“A poem has become part of my life,”

says poet Jakub Řehák, whose second collection Past na Brigitu (Trap for Brigita) won the Magnesia Litera award this year.


Jakub Řehák. Photo © Radek Brousil

Jakub Řehák. Photo © Radek Brousil

Does Prague still enchant you that much?
I’m fascinated by Prague. Perhaps like anybody who wasn’t born here. I’m reminded of something that Meyring said, that the breath of the dead can immediately be sensed in Prague. And there is something to that. Prague is this weird, slightly putrescent being.

Where are you from?

Is Prague a woman?
I don’t know if it is, actually. More of an octopus, I think. You can’t live in Prague and perhaps you can’t entirely live without Prague. I came to realize this again just recently. I was out of the country for some time and I started remembering my dreams quite vividly. Almost every one was to do with Prague or took place there. But then in Prague itself I don’t have any dreams, or I hardly remember any anyway, because in Prague you are forever moving in a half-doze, a constant waking dream. Prague is impressive, but I’d say that is in spite of its inhabitants. A more typical characteristic of Prague than the Castle is the dogs hit on the pavement. Drug addicts and homeless people collecting bottles from dustbins. Heroin substitute boxes thrown into corners beneath baroque churches. Baleful-eyed girls holding hands on hot summer streets… It is difficult not to be fascinated by this cocktail of chimeras. But then after a while it makes you feel a bit ill.

Have you noticed that the stars don’t shine at night in Prague?
It depends where you live. When I lived in Košíře and came out of the house at night for a smoke on the garage roof, I just had to raise my head and the whole galaxy was on display. Just like sparkling mica scattered in black asphalt. Whereas in Vršovice, where I live now, you see more of that orange bulb sky.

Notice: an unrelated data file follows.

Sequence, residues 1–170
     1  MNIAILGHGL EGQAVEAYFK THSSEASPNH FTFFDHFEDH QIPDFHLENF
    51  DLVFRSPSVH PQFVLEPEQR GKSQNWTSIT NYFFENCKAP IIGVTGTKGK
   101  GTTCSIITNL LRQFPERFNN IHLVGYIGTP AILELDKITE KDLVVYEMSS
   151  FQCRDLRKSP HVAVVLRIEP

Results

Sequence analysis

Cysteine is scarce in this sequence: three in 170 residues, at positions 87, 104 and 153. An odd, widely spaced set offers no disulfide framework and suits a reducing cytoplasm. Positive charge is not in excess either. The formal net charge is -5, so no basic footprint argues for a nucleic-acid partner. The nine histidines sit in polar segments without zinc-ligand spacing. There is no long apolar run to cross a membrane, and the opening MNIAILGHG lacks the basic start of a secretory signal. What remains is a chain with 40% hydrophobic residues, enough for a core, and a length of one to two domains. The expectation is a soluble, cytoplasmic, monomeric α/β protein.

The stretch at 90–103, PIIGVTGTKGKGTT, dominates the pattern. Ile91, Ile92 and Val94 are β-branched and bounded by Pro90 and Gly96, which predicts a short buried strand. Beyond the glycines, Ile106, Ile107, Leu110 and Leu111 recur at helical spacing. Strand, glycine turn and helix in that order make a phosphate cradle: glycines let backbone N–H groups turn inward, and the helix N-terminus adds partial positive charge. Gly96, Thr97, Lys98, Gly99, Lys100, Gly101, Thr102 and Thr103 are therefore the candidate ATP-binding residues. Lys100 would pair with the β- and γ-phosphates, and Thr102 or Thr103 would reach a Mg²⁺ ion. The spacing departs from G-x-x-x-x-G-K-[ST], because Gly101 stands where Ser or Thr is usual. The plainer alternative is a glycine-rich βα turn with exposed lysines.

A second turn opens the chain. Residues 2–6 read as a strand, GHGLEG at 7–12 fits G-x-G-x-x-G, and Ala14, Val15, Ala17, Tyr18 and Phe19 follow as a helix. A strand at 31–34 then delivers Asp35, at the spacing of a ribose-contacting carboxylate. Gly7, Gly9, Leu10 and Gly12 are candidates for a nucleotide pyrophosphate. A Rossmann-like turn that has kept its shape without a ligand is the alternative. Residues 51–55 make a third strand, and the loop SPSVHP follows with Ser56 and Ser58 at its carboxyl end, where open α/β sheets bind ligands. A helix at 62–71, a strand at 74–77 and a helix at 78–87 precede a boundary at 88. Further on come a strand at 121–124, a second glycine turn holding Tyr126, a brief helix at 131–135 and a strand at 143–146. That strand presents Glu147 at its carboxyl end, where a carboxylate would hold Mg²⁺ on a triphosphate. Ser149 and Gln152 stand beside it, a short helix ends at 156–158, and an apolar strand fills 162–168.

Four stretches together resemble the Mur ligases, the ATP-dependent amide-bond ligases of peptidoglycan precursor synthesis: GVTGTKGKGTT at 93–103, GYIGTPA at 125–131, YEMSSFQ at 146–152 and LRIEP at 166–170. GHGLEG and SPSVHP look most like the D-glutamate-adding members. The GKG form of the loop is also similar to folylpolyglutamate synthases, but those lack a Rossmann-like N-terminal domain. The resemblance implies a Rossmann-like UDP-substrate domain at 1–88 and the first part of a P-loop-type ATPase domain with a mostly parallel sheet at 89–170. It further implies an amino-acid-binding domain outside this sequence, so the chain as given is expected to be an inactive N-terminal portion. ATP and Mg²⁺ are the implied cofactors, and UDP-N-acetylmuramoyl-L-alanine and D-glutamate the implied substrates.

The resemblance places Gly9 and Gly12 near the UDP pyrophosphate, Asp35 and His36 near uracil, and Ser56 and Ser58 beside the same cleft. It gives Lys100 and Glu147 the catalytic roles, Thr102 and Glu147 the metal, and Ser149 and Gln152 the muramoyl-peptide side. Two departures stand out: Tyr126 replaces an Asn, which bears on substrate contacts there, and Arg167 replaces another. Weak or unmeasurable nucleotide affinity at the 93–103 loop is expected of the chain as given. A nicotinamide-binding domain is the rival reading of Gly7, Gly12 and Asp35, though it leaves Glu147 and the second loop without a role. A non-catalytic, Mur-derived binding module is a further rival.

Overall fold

Which parts of Prague do you like best?
I do have some favourite places, but I’d rather keep them to myself. If I actually name them then it’s not really going to be any good.

Is there any room for poetry in today’s world?
That sounds like a provocation. It’s just like asking if there’s any room for human beings. It used to be common to have to always defend poetry. Poets – when anybody deigned to ask them – had to explain their deviation. Death, the end of poetry and silence. Every poet is in some way affected and accompanied by these. Perhaps because poetry mediates something very archaic and primitive, which is no longer a natural part of modern human awareness. I, myself, have had the physical feeling as I read poetry and sometimes after I write it, as if some force were passing through my body. So I find poetry to be something very fundamental, that has been here with us since the world began. It doesn’t need to seek a place. It takes one up naturally.

But the fact that this is not known much or that few people are aware of it is quite another matter. My favourite poet Leon Paul Fargue even says that when books die out, along with their readers, poets and critics – when the universe itself comes to an end, there will still be poetry and she will forgive the Absolute for having had to live for a time among scribblers and versifiers.

Where do you see yourself in Czech poetry?
A question on my position within Czech poetry is really one for the literary critics. I would like to get over the Czech context. Put my poetry on a level with my favourite poets regardless of country or time. Of course, I say that with some exaggeration.